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About the article
Published Online: 2013-10-24
While we borrow this term from Stennek (2003), we use it in a more common setting. The model of Stennek (2003) is special in the sense that the competitive equilibrium is inefficient, because the cost functions are assumed to be private knowledge.
Although the effect we describe is very intuitive, we have just found one paper that captures it implicitly. The numerical example of Cheung (1992, 120), which deals with synergies from mergers, includes a welfare-enhancing (but unprofitable) cartel (for the special case of zero synergies).
Following Singh and Vives (1984), the linear inverse demand functions can be derived from a utility function that is quadratic in consumption of commodities 1 and 2 and linear in consumption of a numeraire composite commodity. We will depart from Singh and Vives (1984), who consider a (differentiated) duopoly, by allowing for multiple producers of each commodity.
In another version of the model, we adopted a constant elasticity of substitution (CES) framework, so that the two goods range from perfect substitutes to perfect complements. We found here as well that welfare-enhancing cartels are possible (and profitable). Because the CES framework does not allow for analytical solutions but requires numerical calculations, we present the results with linear inverse demand functions.
Our analysis is centered around the assumption that industry 2 is cost-efficient (i.e. , but it also applies to situations where products from industry 2 are qualitatively superior. In fact, this could be easily incorporated in the model by a reinterpretation of . After generalizing the inverse demand functions to for and , assuming means that industry 2 produces higher quality goods than industry 1, as measured in a vertical sense; see Häckner (2000). Solving the more general model leads us to redefine , a combined measure of the differences in efficiency and quality. The expressions in Lemma 1, Proposition 2, Lemma 3, and Proposition 4 remain unchanged (note that in expression 2 the term ( has to be replaced with ). All our results can, therefore, be interpreted in terms of differences in quality as well as efficiency. We thank an anonymous referee for this suggestion.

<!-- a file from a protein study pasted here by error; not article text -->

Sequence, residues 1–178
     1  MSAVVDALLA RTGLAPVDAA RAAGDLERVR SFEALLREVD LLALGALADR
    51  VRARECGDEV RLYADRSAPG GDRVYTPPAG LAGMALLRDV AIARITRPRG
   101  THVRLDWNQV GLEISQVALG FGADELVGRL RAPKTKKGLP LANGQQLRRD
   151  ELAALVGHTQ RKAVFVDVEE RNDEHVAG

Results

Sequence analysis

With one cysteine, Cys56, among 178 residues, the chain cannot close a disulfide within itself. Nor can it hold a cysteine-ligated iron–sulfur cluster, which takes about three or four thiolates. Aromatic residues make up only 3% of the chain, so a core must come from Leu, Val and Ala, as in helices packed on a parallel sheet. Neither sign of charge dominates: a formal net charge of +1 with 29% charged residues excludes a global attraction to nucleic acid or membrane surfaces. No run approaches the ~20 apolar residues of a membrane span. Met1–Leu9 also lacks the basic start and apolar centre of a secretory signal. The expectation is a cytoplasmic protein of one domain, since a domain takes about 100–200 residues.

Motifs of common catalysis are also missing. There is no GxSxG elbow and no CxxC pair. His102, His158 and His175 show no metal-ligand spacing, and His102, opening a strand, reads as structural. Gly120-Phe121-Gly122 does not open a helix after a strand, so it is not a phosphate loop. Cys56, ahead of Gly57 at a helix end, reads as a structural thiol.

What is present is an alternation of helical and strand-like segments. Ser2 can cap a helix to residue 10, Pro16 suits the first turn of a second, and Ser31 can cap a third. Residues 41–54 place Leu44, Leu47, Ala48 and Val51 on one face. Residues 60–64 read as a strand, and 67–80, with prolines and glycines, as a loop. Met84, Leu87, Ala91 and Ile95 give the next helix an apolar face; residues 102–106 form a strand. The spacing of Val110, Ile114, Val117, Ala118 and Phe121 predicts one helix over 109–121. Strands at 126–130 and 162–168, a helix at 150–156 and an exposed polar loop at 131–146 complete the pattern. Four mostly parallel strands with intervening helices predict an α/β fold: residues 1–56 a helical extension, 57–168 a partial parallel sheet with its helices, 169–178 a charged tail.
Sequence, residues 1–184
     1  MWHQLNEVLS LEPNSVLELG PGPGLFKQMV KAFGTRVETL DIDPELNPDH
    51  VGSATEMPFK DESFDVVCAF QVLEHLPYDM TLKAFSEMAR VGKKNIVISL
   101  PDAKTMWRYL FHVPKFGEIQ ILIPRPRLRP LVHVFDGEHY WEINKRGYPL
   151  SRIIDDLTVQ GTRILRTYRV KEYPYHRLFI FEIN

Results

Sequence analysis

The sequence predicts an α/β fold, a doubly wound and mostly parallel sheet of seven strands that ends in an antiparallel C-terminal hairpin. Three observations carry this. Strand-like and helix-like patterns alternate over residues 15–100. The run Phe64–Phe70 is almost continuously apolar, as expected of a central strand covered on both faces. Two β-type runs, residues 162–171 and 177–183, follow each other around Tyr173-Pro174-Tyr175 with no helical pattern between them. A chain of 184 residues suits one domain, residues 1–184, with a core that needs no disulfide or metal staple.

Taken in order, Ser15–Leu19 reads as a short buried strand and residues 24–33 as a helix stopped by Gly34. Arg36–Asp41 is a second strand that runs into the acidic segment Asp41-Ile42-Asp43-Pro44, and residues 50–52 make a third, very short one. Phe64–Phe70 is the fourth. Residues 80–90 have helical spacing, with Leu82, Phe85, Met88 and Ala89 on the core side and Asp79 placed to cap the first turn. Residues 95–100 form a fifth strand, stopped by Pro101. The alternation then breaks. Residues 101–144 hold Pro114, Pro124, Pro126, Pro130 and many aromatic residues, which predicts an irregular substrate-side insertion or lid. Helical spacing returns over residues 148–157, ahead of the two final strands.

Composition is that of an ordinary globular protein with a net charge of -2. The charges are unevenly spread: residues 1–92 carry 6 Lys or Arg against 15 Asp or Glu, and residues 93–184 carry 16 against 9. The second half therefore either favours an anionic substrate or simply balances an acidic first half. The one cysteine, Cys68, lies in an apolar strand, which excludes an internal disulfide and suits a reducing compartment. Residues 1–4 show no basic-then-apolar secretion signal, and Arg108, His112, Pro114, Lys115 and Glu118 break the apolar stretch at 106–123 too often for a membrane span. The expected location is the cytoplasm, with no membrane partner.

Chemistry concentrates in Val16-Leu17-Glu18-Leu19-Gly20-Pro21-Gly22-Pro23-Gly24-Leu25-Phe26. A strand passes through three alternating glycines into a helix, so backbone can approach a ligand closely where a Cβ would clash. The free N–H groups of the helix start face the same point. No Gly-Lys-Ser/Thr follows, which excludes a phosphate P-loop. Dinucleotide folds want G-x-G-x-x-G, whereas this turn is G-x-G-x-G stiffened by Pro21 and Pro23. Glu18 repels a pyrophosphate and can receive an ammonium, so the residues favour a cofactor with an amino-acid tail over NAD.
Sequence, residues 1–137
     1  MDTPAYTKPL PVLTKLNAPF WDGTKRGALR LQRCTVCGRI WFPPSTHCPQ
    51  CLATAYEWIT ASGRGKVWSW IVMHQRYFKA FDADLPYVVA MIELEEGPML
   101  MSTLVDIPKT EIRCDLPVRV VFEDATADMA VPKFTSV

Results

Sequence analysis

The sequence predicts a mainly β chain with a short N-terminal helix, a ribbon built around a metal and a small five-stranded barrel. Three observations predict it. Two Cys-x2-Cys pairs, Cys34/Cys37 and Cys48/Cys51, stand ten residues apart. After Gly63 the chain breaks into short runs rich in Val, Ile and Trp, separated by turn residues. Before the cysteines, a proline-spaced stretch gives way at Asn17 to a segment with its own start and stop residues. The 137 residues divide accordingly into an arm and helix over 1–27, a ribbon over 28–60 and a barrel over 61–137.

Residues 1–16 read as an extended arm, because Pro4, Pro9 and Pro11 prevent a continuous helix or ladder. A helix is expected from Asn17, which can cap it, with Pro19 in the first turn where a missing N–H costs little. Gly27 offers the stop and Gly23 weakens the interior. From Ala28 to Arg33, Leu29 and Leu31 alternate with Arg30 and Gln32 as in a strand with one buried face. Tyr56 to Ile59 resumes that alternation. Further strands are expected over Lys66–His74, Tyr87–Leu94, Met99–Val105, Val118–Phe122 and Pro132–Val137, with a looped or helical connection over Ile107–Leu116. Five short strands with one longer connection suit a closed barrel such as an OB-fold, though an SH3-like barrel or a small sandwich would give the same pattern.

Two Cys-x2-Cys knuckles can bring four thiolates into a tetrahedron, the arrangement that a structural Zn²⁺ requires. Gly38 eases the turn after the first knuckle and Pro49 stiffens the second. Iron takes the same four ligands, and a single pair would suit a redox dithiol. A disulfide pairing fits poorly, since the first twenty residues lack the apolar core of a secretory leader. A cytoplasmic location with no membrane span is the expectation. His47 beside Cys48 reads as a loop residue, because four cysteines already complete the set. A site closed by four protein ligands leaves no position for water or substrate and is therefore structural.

Note that the profitability of the cartel (relative to the competitive case) does not depend on marginal costs c or d. This is a consequence of assuming linear cost and inverse demand functions. However, the efficiency difference does determine market shares of individual firms. Therefore, the minimal number of firms to join for profitability might represent an arbitrarily small market share. In particular, the market share of industry 1 firms, , equals for which becomes arbitrary small for close enough to .
It is straightforward to show that, assuming firms use grim trigger strategies, the critical discount factor for a sustainable cartel in the infinitely repeated game is given by This critical discount factor is increasing in m and , non-monotonic in n and strictly below 1 as long as condition  holds.
As profitability of a cartel does not depend on marginal costs (see Footnote 5), condition  is equally valid for the alternative cartel with m and n reversed. Also, the critical discount factor (see Footnote 6) is identical with m and n reversed. Analysis of the examples in Figure 2 makes clear that the alternative cartel is for most cases either unprofitable or requires a higher discount factor than the cartel of inefficient firms. The only exception is for and , in which case a cartel of efficient firms is sustainable for a wider range of discount factors when or (but not when ).